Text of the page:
Forced Labour: Definition, Indicators and Measurement
This paper represents a first step to estimate the global magnitude of forced labour. It describes the various forms of forced labour in existence, reviews available indicators of forced labour, summarises and discusses some methods that have been used for measurement, and provides some guidance for future work on the subject.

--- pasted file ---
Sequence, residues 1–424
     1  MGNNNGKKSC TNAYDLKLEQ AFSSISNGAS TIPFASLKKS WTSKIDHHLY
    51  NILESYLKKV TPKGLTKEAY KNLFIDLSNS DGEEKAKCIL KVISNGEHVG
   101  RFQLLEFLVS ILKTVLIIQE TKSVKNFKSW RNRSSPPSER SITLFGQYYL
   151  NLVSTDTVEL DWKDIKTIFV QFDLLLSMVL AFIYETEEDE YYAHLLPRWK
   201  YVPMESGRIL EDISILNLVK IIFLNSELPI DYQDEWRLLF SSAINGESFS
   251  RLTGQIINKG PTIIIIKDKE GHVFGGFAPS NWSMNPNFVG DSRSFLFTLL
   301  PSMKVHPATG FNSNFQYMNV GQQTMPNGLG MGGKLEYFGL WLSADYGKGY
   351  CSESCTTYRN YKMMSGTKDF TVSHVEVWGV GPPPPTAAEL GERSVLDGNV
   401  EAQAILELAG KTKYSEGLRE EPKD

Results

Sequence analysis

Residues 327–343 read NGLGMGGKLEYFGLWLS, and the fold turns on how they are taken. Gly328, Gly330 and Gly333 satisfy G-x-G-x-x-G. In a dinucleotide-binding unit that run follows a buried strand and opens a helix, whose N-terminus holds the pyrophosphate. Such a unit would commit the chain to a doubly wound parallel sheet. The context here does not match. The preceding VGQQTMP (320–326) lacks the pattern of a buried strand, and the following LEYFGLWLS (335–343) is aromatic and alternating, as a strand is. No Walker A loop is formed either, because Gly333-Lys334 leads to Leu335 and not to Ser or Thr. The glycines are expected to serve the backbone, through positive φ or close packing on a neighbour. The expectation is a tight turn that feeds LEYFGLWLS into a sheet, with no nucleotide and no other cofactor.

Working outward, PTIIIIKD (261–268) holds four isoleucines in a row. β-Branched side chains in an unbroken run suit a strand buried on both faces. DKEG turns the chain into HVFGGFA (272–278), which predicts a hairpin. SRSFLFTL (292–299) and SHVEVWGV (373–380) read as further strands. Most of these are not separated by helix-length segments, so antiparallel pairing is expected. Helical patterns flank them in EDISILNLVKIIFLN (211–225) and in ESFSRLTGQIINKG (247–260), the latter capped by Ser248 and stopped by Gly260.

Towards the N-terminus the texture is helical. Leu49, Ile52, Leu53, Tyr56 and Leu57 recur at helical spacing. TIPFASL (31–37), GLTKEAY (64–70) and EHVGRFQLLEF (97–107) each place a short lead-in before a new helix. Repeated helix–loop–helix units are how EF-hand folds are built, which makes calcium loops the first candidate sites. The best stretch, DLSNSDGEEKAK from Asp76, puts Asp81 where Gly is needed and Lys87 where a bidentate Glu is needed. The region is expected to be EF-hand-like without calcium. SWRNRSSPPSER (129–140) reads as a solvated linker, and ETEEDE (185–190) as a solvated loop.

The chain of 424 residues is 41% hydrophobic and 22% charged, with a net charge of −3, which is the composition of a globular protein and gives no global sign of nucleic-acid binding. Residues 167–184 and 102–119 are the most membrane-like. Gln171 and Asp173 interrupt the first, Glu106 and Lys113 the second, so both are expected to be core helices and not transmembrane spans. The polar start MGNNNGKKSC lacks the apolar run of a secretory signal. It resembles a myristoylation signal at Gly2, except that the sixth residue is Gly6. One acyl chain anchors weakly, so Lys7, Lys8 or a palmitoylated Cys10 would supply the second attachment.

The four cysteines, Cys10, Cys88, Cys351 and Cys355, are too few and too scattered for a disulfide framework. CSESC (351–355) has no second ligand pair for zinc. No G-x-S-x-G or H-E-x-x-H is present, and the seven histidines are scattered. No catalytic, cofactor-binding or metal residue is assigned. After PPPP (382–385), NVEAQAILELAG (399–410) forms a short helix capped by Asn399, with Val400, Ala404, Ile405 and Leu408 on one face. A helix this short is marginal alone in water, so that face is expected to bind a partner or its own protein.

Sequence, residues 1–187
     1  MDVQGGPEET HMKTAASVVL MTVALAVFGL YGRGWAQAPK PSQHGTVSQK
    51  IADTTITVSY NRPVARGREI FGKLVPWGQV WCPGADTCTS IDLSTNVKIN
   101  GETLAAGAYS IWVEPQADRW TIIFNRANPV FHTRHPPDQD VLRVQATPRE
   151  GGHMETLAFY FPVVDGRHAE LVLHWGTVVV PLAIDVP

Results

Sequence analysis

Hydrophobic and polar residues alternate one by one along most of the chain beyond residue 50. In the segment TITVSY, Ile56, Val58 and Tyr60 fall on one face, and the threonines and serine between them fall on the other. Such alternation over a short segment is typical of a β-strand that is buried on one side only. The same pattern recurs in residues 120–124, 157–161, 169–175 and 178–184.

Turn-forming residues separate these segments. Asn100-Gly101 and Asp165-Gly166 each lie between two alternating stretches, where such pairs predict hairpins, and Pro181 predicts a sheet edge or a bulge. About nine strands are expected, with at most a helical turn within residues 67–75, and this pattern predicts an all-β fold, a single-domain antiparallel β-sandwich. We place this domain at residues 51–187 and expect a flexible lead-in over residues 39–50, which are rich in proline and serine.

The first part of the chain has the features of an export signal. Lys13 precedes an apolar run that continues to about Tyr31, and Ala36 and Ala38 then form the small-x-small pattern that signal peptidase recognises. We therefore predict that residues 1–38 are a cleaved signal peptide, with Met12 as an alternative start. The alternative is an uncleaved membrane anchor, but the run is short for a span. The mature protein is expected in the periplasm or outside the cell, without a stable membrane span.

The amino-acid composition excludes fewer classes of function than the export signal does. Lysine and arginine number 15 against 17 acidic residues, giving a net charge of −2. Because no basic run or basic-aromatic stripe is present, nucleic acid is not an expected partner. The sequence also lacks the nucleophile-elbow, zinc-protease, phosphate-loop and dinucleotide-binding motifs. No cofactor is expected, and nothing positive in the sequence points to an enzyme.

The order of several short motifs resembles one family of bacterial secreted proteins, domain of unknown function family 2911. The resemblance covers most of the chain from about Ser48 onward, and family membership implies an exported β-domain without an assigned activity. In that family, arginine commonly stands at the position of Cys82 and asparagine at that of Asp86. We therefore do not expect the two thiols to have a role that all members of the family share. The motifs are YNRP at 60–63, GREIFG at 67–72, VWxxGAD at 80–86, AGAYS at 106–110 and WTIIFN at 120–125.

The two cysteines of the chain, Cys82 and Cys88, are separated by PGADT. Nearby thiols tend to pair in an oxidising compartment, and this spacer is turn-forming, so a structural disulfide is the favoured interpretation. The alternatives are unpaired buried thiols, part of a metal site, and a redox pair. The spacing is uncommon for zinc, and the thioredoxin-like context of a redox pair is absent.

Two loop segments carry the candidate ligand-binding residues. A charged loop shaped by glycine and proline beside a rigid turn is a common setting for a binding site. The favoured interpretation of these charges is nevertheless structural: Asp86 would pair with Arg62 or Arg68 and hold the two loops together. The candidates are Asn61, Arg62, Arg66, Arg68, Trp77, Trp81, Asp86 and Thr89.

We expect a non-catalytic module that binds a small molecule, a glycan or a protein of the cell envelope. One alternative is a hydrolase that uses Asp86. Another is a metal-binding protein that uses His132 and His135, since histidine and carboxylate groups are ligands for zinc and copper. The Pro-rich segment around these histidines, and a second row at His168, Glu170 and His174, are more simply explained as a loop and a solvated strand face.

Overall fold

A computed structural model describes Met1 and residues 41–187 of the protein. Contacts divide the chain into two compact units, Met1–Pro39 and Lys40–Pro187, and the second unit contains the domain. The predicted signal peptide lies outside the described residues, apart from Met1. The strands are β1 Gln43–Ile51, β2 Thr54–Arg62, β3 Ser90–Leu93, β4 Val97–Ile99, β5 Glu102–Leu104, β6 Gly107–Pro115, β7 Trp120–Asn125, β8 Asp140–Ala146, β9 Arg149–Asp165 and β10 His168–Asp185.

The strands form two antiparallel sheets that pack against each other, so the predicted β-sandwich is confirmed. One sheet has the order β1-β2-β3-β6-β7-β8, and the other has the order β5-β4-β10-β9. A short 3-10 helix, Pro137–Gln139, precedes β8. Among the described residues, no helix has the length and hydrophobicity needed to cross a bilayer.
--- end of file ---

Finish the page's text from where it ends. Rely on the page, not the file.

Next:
This paper reflects an early stage of SAP-FL efforts to measure forced labour. Since that time, a research team under the supervision of SAP-FL economist Patrick Belser has now embarked on a new global estimate, which aims to generate benchmark figures on the minimum worldwide scale of the main forms of forced labour. A large and expanding database now contains more than 5,000 valid entries, with information on the number and gender of victims, the means of their enslavement, the economic sector where forced labour is imposed, and the levels if any of payment. As of mid 2004 the information had been collected from over 1,700 different sources, strongly reinforcing the knowledge base on different forms of forced labour. The final estimate has provided separate numbers for forced labour exacted by state authorities and private agents, respectively. The results are published in the Gobal Report of the ILO Director General on forced labour in 2005.